TAMPA – In the not too distant future, the homes of elderly people might be outfitted with sensors that can detect if they are up and moving around, have taken their medicine or received a visit from a friend. Hearing aids will use artificial intelligence to supplement sounds that are no longer naturally detectable, and automated vehicles will allow families to avoid the difficult conversation on when to take away the keys.
As the nation grows older, technology will be a major part of how people will live more independently and with dignity, and to those ends University of South Florida researchers spent a recent day sharing their projects with companies and organizations working to bring to market innovations for aging well. The Feb. 27 forum – the first of its kind for USF researchers – was organized by USF’s Office of Corporate Partnerships and drew nearly 100 participants.
"We’re one of the few universities in the country with a strategic plan for research – one that not only focuses on aging and degenerative diseases, but a plan that makes technology transfer a pillar of all that we do," said Dr. Paul Sanberg, USF's Senior Vice President for Research, Innovation & Knowledge Enterprise. "Our aim is to create a real-world impact with our research, and we are always glad to meet like-minded organizations and companies who are relentlessly focused on that same goal."
Faculty from the College of Engineering, College of Nursing, School of Aging Studies and other departments across campus engaged in discussions with organizations such as the AARP Innovation Lab “The Hatchery” and hearing technology giant Sonova. International companies such as VRHealth, which uses virtual reality technology for physical therapy; and patient data visualization company MediVu also presented at the forum, along with Florida's GuideWell Innovation.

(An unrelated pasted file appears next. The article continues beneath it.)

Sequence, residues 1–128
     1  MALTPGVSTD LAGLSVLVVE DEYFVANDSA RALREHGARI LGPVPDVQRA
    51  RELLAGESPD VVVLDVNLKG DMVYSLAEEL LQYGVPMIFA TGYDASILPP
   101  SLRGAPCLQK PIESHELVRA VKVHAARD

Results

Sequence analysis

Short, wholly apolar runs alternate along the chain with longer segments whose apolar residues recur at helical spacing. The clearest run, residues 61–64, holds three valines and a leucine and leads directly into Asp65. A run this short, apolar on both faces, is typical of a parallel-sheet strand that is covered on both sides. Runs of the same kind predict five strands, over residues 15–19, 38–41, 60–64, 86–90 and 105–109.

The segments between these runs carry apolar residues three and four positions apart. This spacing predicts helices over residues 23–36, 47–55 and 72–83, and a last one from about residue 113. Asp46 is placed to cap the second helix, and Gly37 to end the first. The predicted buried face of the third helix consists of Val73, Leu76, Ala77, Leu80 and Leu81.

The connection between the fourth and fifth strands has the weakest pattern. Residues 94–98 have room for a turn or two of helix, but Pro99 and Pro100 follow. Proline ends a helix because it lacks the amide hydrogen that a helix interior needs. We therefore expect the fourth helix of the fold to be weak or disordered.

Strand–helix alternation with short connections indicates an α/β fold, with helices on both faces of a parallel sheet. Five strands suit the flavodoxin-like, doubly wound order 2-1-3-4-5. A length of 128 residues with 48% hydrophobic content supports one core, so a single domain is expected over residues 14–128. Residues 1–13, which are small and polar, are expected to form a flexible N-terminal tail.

The landmark day concluded with the signing of a memorandum of understanding between USF, Tel Aviv University and the Florida-Israel Business Accelerator to collaborate on future research and development projects around aging and technology. Like USF, Tel Aviv University has a strong research program in those areas and FIBA has been successfully working to bring new startup technology to market through its accelerator programs.
Dr. James Fozard and Dr. Bill Kearns pioneered the field of gerontechnology.
Demographics are driving the discussion: By 2030, nearly one quarter of the population of Florida – now the nation’s third largest state – will be over the age of 65. The U.S. Census Bureau also reports that by 2030, all Baby Boomers will be older than age 65 and for the first time in U.S. history, older people will outnumber children.
The day opened with a presentation of on the relatively young field gerontechnology – created just a few decades ago by Dr. James Fozard, who holds a courtesy faculty position in USF’s School of Aging Studies, and Dr. Bill Kearns, who is a retired associate professor from USF’s College of Behavioral and Community Sciences.
One of the projects highlighted at the event comes from USF College of Engineering faculty Dr. Carla VandeWeerd and Dr. Ali Yalcin, whose C.R.E.A.T.E. Health Lab focuses on the intersection of aging and technology. The researchers have developed a system of sensor technology together with the needs of older people who want to remain in their homes – a trend called "aging in place" that is expected to grow rapidly in coming decades.